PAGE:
First and foremost, it’s a welcome — and all too rare — demonstration of climate ambition. The 2030 target pushes the cost of polluting straight to the point where the cost of inaction becomes too great. It helps that Canada can build on experiments in its provinces, some of which have priced carbon, and recycled the revenues, for over a decade. That empowers the center to act even against loud voices like that of Doug Ford, premier of Ontario, who has called the tax “worst thing you could ever see,” or Alberta’s Jason Kenney, who argues “Ottawa elites” fail to protect his province’s interests. The Supreme Court has just added to the sense of urgency and zeal by ruling the national carbon tax is constitutional because of the nature of the threat at hand — dismissing objections from Saskatchewan and other regions that had pushed back against the federal move.
As Rohitesh Dhawan, recently of Eurasia Group, pointed out to me, the sharp rise in price does raise the risk of leaning too hard on one policy lever. That perhaps explains in part the concessions and exceptions — say for industries facing intense trade competition— but also the extensive measures introduced alongside it. These include tighter rules on methane and coal plants, subsidies for building retrofits, support for infrastructure and the prospect of a carbon border tax.
Another lesson is that timing makes a difference. Ottawa’s latest plan comes as a climate-friendly administration takes over in the U.S., reducing the risk of losing trade to a carbon haven, while Europe last year approved the world’s largest green stimulus. Chris Bataille, of the Paris-based Institute for Sustainable Development and International Relations, suggests it’s also taking advantage of a moment when populism appears to be not quite gone but perhaps ebbing in Canada. Falling demand for crude, meanwhile, is already impacting carbon-intensive oil sands production: Significant investment in new capacity is unlikely, even if operations may yet continue for some time.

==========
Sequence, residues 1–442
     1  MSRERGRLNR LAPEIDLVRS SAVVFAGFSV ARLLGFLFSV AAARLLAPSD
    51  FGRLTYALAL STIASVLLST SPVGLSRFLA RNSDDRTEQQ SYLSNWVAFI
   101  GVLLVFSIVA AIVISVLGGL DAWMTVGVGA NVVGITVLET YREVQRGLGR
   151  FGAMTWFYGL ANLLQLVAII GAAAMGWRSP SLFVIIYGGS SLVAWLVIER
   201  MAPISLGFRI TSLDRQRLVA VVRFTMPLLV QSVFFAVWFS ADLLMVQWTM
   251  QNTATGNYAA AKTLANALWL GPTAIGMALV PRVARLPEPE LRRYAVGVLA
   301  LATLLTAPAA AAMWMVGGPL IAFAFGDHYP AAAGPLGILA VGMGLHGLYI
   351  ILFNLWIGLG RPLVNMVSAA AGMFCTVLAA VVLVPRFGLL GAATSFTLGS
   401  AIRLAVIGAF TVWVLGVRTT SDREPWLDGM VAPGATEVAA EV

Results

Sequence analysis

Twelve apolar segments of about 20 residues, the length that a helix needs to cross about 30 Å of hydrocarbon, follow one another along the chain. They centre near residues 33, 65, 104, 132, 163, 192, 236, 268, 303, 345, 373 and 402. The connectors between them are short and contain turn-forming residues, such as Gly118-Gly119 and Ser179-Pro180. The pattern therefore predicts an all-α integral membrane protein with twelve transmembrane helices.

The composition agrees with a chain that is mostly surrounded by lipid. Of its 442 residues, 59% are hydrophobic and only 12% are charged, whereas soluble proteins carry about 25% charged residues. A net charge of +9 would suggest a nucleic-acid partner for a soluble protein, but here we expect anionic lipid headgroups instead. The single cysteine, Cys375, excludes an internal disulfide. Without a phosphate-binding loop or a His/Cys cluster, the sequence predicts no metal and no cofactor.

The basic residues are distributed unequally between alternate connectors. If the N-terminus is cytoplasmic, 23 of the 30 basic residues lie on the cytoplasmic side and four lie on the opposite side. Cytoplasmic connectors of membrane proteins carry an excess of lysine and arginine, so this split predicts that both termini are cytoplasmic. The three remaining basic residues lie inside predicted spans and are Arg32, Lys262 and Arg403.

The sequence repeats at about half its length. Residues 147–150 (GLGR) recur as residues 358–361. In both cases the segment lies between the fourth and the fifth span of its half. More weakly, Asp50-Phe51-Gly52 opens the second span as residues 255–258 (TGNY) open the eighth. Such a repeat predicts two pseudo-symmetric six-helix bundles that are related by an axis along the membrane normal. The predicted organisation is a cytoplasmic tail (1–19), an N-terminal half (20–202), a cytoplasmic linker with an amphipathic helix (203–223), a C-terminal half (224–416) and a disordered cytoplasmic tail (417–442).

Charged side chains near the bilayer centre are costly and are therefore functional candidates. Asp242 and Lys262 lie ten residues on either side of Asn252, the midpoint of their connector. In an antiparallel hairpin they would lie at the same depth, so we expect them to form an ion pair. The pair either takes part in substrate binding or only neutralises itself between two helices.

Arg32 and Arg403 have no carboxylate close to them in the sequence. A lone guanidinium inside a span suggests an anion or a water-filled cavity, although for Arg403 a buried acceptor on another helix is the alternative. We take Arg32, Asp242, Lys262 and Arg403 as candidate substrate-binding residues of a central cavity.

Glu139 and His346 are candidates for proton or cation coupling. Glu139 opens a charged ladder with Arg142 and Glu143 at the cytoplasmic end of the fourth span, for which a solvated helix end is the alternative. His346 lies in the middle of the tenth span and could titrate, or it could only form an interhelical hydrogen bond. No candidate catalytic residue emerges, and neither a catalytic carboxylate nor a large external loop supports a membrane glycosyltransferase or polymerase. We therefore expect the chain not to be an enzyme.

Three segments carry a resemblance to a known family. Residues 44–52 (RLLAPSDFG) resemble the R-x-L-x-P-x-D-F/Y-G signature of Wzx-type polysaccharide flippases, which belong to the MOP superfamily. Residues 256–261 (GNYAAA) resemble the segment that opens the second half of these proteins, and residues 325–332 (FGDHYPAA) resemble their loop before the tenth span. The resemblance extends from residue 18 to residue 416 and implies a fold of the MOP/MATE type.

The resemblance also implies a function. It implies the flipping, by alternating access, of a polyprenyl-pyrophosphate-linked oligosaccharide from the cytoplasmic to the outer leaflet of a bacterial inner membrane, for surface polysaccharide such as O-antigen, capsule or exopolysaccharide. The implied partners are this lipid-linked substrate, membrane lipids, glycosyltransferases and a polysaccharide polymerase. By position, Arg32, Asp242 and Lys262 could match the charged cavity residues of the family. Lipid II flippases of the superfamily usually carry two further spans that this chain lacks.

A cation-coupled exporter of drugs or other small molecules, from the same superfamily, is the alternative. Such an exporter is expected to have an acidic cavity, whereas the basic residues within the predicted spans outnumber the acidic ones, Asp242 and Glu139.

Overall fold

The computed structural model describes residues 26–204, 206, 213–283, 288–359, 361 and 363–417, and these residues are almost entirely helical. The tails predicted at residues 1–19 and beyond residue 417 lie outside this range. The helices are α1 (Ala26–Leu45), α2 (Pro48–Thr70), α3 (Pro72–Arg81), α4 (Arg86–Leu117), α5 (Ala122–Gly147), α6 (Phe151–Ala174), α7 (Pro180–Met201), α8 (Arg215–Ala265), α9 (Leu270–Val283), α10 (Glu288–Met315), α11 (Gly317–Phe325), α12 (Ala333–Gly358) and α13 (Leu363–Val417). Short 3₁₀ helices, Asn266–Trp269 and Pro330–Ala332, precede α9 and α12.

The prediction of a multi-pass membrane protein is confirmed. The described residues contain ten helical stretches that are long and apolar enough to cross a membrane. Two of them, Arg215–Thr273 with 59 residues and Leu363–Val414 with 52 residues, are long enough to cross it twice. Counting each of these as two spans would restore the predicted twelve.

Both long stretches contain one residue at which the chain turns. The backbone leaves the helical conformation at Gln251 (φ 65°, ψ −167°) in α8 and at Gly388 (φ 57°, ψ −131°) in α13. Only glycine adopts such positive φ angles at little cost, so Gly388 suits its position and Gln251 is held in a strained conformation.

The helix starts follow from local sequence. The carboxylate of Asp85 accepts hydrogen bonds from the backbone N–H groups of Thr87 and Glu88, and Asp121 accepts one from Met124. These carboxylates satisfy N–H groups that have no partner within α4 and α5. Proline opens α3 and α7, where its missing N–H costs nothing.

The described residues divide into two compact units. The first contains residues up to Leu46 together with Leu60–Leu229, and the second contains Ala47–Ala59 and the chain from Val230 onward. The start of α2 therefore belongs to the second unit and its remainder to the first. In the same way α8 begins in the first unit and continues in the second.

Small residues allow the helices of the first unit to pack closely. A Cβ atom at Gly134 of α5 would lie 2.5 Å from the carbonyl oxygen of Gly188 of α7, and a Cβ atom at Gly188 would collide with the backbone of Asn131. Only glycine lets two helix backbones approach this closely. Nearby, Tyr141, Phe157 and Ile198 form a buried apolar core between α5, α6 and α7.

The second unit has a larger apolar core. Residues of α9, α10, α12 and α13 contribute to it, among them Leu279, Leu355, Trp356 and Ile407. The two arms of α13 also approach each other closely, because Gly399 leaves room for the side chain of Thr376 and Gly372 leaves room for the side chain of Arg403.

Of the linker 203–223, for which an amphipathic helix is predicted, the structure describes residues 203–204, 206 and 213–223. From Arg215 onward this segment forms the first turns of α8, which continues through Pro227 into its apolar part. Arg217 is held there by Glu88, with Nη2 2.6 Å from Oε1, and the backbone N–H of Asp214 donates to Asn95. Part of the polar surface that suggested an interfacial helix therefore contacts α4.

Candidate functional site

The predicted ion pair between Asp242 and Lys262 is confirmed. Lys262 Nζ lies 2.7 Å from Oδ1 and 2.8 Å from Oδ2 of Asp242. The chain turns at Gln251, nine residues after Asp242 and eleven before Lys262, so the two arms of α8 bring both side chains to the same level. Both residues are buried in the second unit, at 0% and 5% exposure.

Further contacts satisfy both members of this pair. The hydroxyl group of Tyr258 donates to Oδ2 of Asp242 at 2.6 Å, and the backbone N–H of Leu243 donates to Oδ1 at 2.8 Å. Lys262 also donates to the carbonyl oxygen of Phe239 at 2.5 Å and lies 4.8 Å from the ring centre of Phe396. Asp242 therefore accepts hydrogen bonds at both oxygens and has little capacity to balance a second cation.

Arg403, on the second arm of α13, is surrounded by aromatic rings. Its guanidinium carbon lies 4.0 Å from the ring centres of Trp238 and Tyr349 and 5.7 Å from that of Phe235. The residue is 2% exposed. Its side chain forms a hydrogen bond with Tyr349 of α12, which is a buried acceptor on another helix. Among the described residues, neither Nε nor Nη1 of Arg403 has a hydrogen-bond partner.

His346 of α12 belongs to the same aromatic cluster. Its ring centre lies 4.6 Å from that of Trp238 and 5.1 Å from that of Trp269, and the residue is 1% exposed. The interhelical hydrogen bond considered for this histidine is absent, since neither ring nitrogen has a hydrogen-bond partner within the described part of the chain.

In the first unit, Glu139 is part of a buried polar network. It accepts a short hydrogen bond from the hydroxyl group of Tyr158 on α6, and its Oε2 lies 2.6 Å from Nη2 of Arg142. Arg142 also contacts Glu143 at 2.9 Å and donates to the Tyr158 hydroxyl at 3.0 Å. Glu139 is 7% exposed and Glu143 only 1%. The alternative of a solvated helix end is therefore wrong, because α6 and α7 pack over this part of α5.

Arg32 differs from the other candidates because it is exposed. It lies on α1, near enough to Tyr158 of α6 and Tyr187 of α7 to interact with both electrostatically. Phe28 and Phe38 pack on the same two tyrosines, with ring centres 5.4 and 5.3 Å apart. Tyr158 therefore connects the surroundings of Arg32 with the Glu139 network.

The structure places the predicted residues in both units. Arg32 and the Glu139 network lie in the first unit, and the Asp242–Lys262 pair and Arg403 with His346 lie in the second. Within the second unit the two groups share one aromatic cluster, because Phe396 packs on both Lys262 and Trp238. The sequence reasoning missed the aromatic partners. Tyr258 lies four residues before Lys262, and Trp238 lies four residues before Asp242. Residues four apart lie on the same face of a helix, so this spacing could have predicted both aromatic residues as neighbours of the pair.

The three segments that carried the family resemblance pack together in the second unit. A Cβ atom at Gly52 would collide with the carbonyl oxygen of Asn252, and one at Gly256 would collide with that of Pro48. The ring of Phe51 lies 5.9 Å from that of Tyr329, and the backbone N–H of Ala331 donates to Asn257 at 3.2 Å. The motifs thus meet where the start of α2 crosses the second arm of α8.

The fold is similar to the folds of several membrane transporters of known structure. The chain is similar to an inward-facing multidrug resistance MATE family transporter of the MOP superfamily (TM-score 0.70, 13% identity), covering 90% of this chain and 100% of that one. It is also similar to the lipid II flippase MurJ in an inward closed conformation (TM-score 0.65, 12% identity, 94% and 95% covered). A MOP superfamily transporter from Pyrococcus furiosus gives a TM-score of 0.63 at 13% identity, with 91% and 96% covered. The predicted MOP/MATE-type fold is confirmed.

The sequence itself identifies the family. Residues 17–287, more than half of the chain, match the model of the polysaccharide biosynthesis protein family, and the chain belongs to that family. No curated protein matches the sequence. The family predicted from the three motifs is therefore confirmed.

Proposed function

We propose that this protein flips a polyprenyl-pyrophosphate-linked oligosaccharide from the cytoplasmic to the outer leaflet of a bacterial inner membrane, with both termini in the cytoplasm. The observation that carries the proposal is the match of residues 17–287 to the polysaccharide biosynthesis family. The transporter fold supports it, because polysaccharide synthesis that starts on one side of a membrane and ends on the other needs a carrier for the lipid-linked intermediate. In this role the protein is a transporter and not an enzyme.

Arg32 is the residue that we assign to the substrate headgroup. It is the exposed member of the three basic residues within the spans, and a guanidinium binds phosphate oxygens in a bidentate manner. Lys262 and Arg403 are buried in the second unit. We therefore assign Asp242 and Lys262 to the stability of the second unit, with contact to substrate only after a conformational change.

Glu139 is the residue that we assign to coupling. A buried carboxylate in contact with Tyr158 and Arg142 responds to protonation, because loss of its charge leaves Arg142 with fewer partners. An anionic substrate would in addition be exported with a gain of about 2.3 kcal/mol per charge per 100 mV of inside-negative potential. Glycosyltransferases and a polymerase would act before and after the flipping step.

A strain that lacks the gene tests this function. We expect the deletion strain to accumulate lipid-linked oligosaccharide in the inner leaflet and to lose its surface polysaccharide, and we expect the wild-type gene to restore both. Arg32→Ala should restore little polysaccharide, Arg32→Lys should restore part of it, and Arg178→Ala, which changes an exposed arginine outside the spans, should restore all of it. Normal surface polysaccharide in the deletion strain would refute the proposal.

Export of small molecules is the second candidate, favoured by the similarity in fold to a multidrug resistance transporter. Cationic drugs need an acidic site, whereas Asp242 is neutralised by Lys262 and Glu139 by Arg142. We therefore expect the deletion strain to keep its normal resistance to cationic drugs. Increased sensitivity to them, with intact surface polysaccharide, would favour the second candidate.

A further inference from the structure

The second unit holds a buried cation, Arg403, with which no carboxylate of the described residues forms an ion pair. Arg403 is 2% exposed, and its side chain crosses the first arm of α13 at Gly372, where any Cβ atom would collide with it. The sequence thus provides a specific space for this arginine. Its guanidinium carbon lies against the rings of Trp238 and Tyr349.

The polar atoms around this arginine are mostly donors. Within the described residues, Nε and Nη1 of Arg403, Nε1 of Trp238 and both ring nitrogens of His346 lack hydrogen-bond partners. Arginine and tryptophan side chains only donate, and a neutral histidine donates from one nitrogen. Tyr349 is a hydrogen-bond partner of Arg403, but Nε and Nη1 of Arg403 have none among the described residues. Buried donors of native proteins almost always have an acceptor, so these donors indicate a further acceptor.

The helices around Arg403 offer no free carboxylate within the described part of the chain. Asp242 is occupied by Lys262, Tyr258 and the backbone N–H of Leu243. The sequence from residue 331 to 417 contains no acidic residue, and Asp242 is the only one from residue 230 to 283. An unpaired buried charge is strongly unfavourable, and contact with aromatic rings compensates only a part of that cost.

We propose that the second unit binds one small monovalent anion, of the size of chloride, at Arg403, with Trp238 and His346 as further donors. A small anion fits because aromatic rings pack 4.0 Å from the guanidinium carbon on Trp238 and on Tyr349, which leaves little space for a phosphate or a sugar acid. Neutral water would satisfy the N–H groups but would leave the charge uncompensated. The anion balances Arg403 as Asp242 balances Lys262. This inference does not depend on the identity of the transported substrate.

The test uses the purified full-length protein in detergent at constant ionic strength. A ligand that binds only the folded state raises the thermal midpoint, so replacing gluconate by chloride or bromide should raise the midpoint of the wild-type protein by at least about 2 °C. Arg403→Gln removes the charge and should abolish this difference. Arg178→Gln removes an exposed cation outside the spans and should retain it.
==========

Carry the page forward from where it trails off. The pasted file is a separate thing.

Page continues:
But is Canada’s push so challenging that it will provoke a populist backlash? It helps that businesses have largely accepted the move, while the opposition Conservative Party is moving toward stronger climate commitments to woo back voters. It’s unclear whether efforts to tight up carbon rules and close loopholes after the Supreme Court ruling will change that.
David Keith, climate science veteran and professor at Harvard University, warns that the real cost has not yet hit. That point will come in a few years’ time, and only then will we see if we have a sustainable program, or enough economic pain to feed a yellow vest-style, grassroots populist revolt.
Much will depend on how voters perceive the impact of the extra costs, and whether they see rebates and other subsidies as sufficient compensation, given 80% of families should be getting more back than they pay. It’s encouraging that most British Columbia residents don’t see their provincial levy, more than a decade old, as having impacted household finances, even if over a third also say it hasn’t changed behavior either.
Making polluters pay is vital. But the price tag needs to stick.
This column does not necessarily reflect the opinion of the editorial board or Bloomberg LP and its owners.
Clara Ferreira Marques is a Bloomberg Opinion columnist covering commodities and environmental, social and governance issues. Previously, she was an associate editor for Reuters Breakingviews, and editor and correspondent for Reuters in Singapore, India, the U.K., Italy and Russia.